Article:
SANTA CLARA COUNTY, Calif. (KRON) — Recently a federal judge issued the U.S. Census Bureau to continue counting for the 2020 census through Oct. 31 — extending it’s previous deadline of Sept. 30. 

Census workers in Santa Clara County continue to knock door to door amid COVID-19, high temperatures and bad air quality as recent wildfires burned throughout the state. 

“COVID hit, we had all these delays, the deadline was pushed all the way out to October and then shrunk back to September and now because of this court case in our own  backyard it’s been pushed back to October 31st potentially,” 

According to the Santa Clara County Office of the Census –many cities throughout the county have been able to complete the census surpassing 2010 response rates. 

The challenge remains in getting communities in “hard-to-count” neighborhoods to respond to the census — which include children under five, seniors, individuals with disabilities, immigrants and the unstably housed.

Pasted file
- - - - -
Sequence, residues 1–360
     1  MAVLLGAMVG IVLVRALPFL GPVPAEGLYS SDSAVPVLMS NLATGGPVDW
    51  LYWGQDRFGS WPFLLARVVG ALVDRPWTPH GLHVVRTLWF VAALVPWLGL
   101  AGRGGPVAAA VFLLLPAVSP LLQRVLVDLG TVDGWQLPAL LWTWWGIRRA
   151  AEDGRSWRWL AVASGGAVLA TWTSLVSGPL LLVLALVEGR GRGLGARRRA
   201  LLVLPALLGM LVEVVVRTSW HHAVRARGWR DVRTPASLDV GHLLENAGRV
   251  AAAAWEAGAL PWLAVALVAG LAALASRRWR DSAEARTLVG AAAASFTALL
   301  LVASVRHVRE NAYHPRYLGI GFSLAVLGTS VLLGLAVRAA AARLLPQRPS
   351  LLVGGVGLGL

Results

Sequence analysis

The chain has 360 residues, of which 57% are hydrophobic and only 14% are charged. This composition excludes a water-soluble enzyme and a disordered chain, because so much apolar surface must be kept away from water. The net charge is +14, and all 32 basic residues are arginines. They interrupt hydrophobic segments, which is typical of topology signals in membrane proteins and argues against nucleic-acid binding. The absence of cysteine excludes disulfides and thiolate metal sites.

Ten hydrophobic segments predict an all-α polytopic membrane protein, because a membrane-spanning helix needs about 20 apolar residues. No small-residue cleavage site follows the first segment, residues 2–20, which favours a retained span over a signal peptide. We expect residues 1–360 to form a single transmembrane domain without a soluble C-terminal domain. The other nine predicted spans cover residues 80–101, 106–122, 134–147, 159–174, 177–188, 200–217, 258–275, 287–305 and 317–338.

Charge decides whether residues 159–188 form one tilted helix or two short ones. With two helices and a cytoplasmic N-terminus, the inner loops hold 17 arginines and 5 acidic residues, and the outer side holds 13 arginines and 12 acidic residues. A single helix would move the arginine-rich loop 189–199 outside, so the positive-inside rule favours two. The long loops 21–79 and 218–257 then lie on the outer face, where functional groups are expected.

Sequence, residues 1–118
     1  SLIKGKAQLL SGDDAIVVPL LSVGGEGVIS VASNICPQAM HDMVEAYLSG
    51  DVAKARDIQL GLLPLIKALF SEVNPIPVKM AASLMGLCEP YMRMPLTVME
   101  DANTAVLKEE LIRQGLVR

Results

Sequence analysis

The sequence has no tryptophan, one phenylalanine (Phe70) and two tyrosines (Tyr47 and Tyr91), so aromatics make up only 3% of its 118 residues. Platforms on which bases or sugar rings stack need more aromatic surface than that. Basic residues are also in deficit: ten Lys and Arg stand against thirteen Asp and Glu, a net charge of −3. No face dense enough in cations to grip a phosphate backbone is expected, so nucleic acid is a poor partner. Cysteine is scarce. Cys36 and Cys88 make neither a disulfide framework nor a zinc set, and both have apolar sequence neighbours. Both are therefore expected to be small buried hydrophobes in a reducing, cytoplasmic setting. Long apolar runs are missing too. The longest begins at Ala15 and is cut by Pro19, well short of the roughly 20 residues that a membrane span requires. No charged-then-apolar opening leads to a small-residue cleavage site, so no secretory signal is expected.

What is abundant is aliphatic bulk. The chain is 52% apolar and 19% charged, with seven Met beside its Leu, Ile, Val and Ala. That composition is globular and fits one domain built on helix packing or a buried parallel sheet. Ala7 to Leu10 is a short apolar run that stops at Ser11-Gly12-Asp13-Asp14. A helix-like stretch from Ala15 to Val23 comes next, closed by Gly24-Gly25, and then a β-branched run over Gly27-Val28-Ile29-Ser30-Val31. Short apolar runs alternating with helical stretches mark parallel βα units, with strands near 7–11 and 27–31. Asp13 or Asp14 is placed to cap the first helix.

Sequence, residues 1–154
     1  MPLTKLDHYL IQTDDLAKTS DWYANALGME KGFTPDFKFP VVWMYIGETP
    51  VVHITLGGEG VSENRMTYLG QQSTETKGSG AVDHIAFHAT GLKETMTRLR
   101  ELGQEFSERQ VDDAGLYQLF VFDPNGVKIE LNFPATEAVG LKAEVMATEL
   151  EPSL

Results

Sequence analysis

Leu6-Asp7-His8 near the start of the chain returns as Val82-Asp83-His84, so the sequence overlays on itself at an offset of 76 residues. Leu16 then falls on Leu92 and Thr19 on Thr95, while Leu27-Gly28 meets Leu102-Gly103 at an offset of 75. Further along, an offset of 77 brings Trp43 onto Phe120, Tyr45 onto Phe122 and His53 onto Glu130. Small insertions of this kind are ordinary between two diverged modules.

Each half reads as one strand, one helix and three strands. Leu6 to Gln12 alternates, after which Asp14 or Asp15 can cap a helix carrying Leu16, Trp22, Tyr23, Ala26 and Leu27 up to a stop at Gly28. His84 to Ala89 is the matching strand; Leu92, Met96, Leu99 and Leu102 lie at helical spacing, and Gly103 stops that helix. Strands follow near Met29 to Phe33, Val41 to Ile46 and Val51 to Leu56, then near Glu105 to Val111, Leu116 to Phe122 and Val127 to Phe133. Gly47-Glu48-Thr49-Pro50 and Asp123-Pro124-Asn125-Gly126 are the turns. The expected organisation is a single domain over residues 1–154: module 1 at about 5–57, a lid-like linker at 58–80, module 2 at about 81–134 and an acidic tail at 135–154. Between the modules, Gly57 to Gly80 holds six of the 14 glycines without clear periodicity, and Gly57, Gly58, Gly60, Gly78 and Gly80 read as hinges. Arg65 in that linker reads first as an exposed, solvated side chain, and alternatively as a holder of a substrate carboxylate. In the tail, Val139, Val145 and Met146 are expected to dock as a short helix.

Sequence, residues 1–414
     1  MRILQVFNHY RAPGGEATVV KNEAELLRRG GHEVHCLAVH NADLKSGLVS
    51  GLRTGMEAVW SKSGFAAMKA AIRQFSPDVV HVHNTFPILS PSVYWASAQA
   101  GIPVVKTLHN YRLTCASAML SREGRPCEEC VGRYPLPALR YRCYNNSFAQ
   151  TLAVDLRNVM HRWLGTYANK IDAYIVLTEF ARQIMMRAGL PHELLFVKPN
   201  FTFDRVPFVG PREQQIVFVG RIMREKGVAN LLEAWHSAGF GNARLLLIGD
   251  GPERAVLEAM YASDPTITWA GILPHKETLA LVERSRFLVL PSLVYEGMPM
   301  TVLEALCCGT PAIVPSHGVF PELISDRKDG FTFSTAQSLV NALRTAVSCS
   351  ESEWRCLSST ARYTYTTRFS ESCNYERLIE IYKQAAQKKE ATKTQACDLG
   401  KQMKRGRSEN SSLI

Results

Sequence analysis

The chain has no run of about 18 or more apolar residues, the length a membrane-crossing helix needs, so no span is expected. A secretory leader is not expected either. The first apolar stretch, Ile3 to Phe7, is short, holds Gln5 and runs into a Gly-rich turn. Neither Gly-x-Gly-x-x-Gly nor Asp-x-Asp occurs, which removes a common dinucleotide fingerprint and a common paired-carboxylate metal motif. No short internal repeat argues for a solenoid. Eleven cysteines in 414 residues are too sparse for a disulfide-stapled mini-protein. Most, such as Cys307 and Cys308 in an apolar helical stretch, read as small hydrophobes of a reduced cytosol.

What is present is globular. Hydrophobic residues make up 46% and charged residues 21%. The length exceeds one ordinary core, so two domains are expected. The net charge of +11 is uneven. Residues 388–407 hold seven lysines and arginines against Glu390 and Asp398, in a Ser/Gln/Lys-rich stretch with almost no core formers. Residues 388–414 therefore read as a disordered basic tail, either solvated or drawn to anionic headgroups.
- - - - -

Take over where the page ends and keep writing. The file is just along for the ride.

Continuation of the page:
In partnership with community-based organizations the county has been able to deploy census workers on foot to ensure “hard-to-count” communities response to the census before the deadline. 

Amid COVID-19 — census workers have adapted to ensure the safety of staff and the public by using personal protective equipment to stop the virus from spreading. 

For census worker Misryan Mendoza working through hot weather and bad air quality has been a challenge but comes out every day in an effort to help his community during hard times. 

“We’ve been doing like five hours every single day, Monday through Saturday,” said Mendoza. 

“For me it’s really important because it helps the community that way we can get funding for things like COVID-19 which is the most important priority,” said Mendoza. 

In good news, over the last several weeks with the help of community based organizations and efforts from the Office of the Census — more people in the county have responded to the census. 

Still — there are locations throughout the county like downtown San Jose, neighborhoods in Gilroy and near Stanford University. 

“Santa Clara County is doing great, we got 77.3 percent self response rate … only second to San Mateo County,” said Kuwada. 

“We’re not all counted yet … if you’re in the immigrant community, if you live in multigenerational housing, if you’re unstably housed, you’re less likely to be counted.”